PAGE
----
19. Jason Cabinda, Penn State. Early last season, Penn State's linebacking corps was ravaged by injuries, and that included Cabinda's five-game absence from the middle. His return was a massive boost and proved to be a big reason for the Nittany Lions' season-changing win over Ohio State, as he returned that night to rack up 13 tackles and a pivotal sack on the Buckeyes' second-to-last play. Cabinda ended up with 81 tackles in nine games, proving again to be a key leader and steady force for the Penn State defense.

18. Skai Moore, South Carolina. Moore led the Gamecocks in tackles as a freshman way back in 2013. He did it again in '14, and again in '15, peaking with 111 tackles in that impressive junior season in which he was a second-team All-SEC pick. Unfortunately, last season Moore was sidelined the whole way because of herniated disk surgery in the offseason. Now, Moore is back as the centerpiece of the defense in Will Muschamp's second season.

17. Roquan Smith, Georgia. After playing as a true freshman backup, the speedy Smith broke into the starting lineup as a sophomore and emerged as the leading tackler in the new-look defense under coach Kirby Smart. Smith had 95 tackles -- 36 more than anybody else on the team -- with five tackles for loss and two forced fumbles. Smith missed the spring with an injury, but he's become a leader in the middle of the defense, headlining a talented linebacking corps that could spur a breakthrough season for this defense.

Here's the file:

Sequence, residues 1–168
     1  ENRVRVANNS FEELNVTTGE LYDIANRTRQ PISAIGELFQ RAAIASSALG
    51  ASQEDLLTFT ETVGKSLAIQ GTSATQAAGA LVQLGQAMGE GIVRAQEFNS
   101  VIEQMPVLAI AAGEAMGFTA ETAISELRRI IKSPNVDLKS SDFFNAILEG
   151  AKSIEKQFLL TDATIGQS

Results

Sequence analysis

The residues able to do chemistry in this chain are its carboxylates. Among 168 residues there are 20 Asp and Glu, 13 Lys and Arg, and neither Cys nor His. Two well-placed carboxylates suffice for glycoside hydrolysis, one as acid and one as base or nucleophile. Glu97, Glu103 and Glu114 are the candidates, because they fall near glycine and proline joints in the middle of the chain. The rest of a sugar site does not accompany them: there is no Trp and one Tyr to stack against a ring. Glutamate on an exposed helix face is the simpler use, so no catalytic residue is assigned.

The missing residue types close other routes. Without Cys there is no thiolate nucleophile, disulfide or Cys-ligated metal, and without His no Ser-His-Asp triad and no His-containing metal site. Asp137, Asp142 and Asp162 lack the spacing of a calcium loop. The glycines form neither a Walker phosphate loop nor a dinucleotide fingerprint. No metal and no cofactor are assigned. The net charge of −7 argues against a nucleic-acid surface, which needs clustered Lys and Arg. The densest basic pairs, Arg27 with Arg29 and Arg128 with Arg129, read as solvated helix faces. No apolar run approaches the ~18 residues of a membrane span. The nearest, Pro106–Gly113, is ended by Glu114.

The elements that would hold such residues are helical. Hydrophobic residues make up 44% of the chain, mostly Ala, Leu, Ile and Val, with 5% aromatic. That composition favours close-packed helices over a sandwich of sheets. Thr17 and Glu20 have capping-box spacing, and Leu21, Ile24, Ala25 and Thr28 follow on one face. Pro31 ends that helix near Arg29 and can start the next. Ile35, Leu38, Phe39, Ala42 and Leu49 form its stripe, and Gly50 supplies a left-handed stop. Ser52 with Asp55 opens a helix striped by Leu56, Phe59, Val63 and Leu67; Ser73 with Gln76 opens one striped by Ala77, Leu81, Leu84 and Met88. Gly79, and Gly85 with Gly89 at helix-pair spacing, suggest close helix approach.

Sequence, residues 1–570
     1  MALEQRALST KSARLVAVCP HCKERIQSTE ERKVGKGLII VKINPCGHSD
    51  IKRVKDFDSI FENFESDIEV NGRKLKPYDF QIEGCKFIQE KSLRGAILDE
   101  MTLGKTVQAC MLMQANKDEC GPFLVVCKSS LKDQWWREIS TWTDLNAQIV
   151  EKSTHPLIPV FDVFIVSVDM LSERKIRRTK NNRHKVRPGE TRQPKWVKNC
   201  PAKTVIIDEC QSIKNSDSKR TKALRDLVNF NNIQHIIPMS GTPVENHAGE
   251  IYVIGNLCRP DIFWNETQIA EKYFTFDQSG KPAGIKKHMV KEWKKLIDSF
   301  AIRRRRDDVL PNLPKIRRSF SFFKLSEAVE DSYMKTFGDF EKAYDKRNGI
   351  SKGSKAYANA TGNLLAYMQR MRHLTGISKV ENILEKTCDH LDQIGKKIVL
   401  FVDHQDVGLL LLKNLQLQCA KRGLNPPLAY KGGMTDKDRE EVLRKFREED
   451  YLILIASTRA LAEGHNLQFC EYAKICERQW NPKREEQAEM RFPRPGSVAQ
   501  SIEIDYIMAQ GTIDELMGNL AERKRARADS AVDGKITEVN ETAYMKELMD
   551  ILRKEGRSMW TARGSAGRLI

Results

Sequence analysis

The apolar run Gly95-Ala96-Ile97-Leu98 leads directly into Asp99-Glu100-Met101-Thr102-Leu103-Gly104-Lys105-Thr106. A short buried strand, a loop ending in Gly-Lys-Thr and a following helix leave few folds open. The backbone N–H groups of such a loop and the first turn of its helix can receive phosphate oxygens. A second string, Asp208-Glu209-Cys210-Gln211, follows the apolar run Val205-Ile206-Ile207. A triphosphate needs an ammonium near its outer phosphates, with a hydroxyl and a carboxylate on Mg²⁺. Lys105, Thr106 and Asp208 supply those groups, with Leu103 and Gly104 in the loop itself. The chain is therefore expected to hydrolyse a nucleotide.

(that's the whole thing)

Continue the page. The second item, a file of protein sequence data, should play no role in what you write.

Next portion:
16. Rashaan Evans, Alabama. Evans didn't start a game until the playoff against Washington when teammate Shaun Dion Hamilton was injured, but the senior has waited his turn and made a noticeable impact when given a chance as a rotational player. Formerly an outside linebacker, Evans moved inside last season and finished eighth on the team with 53 tackles, also recording four sacks. He's an explosive, versatile talent primed for a breakout when given a bigger role with Reuben Foster gone.

15. Kendall Joseph, Clemson. The Tigers defense has been bursting with so much talent that it can be difficult for every deserving player to get enough credit. Joseph was nowhere to be found on the All-ACC teams last year despite finishing with 108 tackles, 12 ½ tackles for loss and an interception -- numbers nearly equal to the much more widely known Ben Boulware. Boulware is gone, and it's Joseph's time for the spotlight in leading this linebacking corps. Their job is all made easier by the absurd talent Clemson has on the line, but Joseph is a rising star poised to garner increased attention as a junior.